UN responsible investing body threatens to kick out laggards

One in 10 of the signatories to a UN-backed responsible investment initiative have been placed on a watchlist for failing to show they are taking their commitment seriously enough, amid wider criticism of the body itself by investors.

The Principles for Responsible Investment will put 185 of its 1,967 signatories on notice in the next fortnight after an annual audit suggested they had not demonstrated a minimum standard of responsible investment activity.

The body did not disclose the identities of those on the list but said it included members of various sizes and across all regions. Just under a fifth of those falling short are asset owners, with most of the rest being asset managers.

“It was pretty representative of the signatory base,” said Fiona Reynolds, chief executive.

Signatories to the PRI, which was established in 2006, commit to six principles designed to embed environmental, social and governance considerations into mainstream investing and hold companies they invest in to account on ESG failures.

They must file an annual report to the organisation detailing their progress. But the PRI has decided to implement a more rigorous set of minimum requirements, including an obligation that at least half a fund manager’s assets be covered by a responsible investing policy and for there to be explicit commitment to the issue by senior managers.

Those on the watchlist, who will be contacted privately, have two years to make improvements or face being delisted and publicly identified.

“Two years sounds like a long time but it’s got to be measurable,” said Ms Reynolds, who stressed that the PRI would work with signatories on improvements, and delisting was a final resort.

However, some investors have criticised the PRI, arguing that it needs to be more stringent in its oversight.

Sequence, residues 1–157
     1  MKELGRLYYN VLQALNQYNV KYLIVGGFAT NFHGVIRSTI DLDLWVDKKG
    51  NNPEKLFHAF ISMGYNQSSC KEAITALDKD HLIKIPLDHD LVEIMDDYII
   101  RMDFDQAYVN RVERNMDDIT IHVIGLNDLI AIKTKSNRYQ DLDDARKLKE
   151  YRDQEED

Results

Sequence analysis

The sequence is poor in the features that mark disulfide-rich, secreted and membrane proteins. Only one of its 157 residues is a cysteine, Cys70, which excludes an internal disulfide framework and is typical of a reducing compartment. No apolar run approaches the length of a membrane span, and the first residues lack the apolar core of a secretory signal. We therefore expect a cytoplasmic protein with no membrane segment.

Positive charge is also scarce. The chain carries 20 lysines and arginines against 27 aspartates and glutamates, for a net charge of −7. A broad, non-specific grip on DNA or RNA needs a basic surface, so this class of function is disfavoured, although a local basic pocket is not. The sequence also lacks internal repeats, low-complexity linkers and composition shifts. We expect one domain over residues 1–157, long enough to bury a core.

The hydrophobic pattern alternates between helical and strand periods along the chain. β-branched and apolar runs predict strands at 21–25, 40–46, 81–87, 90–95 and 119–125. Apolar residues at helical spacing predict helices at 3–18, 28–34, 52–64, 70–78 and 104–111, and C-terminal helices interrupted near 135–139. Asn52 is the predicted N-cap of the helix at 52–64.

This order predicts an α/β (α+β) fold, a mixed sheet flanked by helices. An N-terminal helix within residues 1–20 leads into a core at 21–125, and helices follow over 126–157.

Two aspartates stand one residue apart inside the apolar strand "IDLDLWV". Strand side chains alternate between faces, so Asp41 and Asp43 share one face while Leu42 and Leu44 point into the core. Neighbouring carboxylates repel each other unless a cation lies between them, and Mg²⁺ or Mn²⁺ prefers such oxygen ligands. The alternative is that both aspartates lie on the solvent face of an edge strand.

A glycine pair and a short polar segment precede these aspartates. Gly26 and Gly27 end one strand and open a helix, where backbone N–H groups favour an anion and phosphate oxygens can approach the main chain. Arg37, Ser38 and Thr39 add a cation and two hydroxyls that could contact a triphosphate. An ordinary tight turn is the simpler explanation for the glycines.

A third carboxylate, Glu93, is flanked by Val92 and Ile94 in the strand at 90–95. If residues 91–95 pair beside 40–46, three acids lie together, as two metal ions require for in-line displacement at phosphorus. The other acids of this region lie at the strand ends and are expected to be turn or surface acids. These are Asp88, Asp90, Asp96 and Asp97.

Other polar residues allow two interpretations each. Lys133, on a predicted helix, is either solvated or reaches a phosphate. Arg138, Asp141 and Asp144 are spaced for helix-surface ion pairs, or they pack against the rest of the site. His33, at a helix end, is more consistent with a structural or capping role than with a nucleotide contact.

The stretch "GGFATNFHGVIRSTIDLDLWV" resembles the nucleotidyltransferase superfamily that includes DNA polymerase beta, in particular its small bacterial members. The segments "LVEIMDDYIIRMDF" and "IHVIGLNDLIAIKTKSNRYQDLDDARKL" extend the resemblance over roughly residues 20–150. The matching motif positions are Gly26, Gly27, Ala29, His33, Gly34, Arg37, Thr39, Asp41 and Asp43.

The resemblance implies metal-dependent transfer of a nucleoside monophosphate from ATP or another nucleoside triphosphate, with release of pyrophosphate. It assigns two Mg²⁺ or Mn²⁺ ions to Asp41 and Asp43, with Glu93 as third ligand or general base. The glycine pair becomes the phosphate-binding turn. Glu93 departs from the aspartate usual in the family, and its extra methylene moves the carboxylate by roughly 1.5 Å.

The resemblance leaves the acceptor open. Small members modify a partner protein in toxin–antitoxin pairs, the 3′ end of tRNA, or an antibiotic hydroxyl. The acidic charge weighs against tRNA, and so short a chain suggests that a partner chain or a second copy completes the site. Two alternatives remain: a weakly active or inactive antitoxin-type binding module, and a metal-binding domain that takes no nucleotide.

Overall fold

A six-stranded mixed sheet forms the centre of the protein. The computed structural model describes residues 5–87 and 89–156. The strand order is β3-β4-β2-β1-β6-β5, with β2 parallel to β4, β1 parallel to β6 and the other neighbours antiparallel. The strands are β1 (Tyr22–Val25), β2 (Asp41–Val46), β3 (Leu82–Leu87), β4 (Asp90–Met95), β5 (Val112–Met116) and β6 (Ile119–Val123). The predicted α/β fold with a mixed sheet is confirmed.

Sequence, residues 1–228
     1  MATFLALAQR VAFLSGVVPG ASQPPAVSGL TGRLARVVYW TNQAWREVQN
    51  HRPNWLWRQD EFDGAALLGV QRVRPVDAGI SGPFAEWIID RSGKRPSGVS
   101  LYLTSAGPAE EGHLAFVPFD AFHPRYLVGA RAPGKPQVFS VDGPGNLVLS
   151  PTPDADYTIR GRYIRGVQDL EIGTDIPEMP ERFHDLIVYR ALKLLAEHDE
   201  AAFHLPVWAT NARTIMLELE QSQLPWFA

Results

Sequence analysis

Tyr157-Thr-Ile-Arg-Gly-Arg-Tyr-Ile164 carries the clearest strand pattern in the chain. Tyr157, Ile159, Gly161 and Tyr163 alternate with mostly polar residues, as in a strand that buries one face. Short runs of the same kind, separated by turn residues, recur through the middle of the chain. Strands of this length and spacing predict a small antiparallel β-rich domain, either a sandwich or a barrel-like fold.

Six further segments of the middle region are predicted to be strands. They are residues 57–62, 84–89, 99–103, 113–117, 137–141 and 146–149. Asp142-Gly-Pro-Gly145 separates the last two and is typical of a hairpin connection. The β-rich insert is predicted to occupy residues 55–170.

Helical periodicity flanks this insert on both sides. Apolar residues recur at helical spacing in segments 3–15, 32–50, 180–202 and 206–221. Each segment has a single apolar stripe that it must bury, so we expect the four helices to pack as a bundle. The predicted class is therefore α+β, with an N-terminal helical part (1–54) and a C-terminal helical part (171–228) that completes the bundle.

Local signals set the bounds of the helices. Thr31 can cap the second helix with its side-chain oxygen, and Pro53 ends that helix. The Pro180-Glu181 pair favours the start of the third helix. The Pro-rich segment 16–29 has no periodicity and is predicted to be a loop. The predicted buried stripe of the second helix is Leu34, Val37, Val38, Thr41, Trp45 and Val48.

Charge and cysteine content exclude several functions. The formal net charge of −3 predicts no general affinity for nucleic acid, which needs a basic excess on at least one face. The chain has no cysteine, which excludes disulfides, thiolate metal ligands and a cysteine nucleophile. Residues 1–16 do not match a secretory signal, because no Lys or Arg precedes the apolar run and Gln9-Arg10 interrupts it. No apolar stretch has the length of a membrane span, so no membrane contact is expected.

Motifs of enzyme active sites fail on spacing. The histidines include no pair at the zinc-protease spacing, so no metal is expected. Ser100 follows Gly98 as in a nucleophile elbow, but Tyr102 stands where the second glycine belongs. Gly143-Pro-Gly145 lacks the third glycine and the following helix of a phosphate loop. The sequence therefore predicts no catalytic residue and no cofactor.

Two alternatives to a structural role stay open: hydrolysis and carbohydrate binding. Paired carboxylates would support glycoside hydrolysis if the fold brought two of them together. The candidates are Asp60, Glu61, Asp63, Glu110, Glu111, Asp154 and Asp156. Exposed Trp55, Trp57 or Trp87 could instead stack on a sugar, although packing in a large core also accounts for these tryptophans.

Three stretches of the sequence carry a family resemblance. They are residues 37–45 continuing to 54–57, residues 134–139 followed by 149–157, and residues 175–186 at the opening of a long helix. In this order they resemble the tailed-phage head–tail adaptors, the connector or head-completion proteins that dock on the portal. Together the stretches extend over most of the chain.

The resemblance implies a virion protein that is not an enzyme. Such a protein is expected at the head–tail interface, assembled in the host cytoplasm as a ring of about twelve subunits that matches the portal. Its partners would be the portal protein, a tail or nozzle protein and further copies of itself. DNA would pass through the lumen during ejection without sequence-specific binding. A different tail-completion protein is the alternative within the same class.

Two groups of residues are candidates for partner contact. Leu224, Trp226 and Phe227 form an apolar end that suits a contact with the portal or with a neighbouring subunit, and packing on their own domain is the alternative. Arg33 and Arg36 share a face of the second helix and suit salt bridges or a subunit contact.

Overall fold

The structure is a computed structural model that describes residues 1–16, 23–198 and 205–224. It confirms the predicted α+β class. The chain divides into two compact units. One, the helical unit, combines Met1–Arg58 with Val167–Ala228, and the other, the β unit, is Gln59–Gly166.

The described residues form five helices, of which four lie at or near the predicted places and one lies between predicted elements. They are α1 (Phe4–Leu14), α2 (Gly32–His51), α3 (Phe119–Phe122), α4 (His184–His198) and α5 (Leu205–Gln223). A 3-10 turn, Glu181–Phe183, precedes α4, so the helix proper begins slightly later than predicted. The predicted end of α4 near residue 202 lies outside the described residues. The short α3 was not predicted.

“We think it should be more demanding of its membership,” said Andrew Newington, chief operating and investment officer at Actis, the $9bn emerging markets investment group.

“The institution needs to make sure people aren’t gaming it,” said Steve Waygood, chief responsible investment officer at Aviva Investors, who was involved in founding the PRI.

He said it could not be ruled out that some signatories used it as a figleaf rather than having a genuine commitment to ESG investing, but stressed that the organisation was “tough enough for now,” and that excessive ejections would be counterproductive.

One head of responsible investing who did not want to be named went further, saying the PRI had “lost its way a little bit because its tried to cater to so many needs and interests”.

“Everyone’s a signatory now — that’s a good thing, but [also] a bad thing,” the person said. The PRI is hardening its stance partly at the behest of its signatories following a consultation in which the majority of respondents indicated they were in favour of a tougher approach.

Ms Reynolds said the PRI recognised it was time to place signatories under greater scrutiny. “I do not think we have lost our way,” she said, stressing that membership grew at its fastest rate last year. She conceded that a minority of signatories might regard the PRI as a figleaf. “That’s why we need to tighten up our requirements.”

Delistings occur each year for reasons including companies being acquired by entities who are themselves also signatories, although mostly because they fail to report in the annual PRI audit. In the year to March 2017, 79 companies were delisted, and 103 in the same period a year earlier.



Featured Posts
Recent Posts